The symbol of the “inimitable life” of a beloved and controversial Italian poet, this park is packed with allegories and self-celebrating symbology. Even more than the plants, the undisputed stars here are the statues, heirlooms, paths and elements of architecture with eccentric, evocative names.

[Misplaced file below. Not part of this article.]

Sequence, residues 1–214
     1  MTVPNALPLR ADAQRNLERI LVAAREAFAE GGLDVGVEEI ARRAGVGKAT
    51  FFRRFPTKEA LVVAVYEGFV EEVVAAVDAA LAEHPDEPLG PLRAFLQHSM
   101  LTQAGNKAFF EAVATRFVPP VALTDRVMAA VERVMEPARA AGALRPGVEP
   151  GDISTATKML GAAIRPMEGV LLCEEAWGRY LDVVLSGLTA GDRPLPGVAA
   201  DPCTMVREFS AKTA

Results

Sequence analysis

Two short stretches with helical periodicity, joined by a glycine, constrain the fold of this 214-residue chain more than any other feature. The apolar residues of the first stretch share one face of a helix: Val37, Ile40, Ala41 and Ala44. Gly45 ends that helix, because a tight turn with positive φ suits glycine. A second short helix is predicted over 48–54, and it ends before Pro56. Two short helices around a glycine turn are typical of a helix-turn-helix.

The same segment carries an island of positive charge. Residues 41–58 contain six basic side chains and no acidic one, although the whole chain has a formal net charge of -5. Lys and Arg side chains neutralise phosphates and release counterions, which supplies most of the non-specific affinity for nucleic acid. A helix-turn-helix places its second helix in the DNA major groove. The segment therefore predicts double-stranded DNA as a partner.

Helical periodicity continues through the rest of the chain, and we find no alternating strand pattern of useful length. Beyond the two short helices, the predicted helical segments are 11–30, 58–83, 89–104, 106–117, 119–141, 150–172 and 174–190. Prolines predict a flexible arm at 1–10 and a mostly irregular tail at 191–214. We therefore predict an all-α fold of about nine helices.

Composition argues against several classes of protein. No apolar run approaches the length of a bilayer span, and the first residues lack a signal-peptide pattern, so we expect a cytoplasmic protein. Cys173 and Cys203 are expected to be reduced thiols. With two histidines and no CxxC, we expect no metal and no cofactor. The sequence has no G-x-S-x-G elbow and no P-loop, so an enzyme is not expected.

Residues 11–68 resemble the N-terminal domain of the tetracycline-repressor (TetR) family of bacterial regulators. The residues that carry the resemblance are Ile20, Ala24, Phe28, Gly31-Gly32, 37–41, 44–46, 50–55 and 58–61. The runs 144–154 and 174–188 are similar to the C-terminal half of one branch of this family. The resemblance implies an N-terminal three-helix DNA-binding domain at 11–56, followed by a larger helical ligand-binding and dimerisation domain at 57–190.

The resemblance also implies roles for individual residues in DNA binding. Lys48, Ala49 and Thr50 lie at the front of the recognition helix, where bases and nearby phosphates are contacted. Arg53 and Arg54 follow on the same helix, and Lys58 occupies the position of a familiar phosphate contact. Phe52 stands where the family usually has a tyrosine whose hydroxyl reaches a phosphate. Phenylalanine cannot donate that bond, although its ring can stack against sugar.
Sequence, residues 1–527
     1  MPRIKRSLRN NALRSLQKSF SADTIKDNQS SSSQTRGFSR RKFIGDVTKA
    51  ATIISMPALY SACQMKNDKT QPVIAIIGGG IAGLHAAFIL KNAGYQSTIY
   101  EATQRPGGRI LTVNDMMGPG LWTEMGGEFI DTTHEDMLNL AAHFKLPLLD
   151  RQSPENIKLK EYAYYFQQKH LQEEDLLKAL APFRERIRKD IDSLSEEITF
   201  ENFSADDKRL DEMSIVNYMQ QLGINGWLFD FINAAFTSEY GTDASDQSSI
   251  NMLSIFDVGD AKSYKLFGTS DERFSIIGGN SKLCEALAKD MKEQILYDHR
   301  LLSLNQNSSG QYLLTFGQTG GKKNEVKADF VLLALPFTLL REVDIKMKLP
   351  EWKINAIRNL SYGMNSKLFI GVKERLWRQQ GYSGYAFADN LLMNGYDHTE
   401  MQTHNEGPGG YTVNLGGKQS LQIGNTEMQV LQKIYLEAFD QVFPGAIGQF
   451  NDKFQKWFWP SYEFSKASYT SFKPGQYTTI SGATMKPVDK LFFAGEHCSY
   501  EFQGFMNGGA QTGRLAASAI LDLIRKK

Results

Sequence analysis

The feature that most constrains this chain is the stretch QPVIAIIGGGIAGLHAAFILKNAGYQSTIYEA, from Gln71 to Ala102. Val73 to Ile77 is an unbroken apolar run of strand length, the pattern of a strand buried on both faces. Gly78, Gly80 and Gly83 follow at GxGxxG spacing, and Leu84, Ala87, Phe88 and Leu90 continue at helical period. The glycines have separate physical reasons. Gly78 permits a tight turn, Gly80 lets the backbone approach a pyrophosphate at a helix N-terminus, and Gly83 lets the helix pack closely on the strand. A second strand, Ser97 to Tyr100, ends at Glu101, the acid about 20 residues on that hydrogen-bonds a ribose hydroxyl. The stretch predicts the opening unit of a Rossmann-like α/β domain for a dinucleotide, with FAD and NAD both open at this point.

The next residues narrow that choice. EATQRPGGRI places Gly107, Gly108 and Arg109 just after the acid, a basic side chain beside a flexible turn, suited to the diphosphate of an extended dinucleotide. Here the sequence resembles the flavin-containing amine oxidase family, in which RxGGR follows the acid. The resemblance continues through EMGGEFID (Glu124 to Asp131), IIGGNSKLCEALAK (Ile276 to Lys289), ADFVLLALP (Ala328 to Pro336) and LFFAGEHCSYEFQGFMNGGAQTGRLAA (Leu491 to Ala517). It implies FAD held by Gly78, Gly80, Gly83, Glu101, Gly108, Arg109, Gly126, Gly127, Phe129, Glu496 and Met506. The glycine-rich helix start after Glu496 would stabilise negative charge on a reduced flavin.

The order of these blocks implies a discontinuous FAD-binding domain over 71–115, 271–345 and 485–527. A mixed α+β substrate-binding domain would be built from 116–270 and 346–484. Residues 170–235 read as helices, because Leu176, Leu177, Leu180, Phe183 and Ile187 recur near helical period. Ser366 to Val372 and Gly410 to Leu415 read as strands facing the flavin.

In 1921, after Gabriele D’Annunzio’s failed raid to annex the city known today as Rijeka to the Kingdom of Italy (the “Impresa di Fiume”), the poet retired to Gardone Riviera, where he lived until his death in 1938. After buying the villa from German critic Henry Thode, D’Annunzio transformed it into a memorial to his own exploits and ideals. The poet’s former residence is surrounded by the Prioria’s highly-evocative, nine-hectare park. In an extraordinarily panoramic position, on a slope that runs down to Lake Garda through the Valletta dell’Acqua Pazza valley, the complex features the San Marco Tower and a dock of the same name. Olive trees, laurels, holm oaks, cypresses, oleanders and other local species surround a series of themed environments which D’Annunzio conceived himself, working closely with architect Giancarlo Maroni. A veritable outdoor museum, the gardens at the Vittoriale degli Italiani culminate in the Mausoleum where the poet is buried. Further downstream is an Open-Air Theatre (still used in summer), an Exedrawith a small temple, Piazzetta Dalmata (the poet’s residence, the Prioria, is accessed from here), the D’ Annunziano Museum, the Nave Puglia, Fontanone del Delfino, and the MAS 96 boatshed. In an exceptional symbiosis of botanical heritage, the symbolic heart of the estate, the Giardini della Prioria, are embellished with rich decor and references to classical gardens, the space filled with battlements, an orchard, rose garden, lemon house and the Arengocommunal assembly, where 27 columns surmounted by artillery shells celebrate victories during the Great War; here, D’Annunzio used to meet Fiume raid veterans and hold commemorative ceremonies on summer evenings.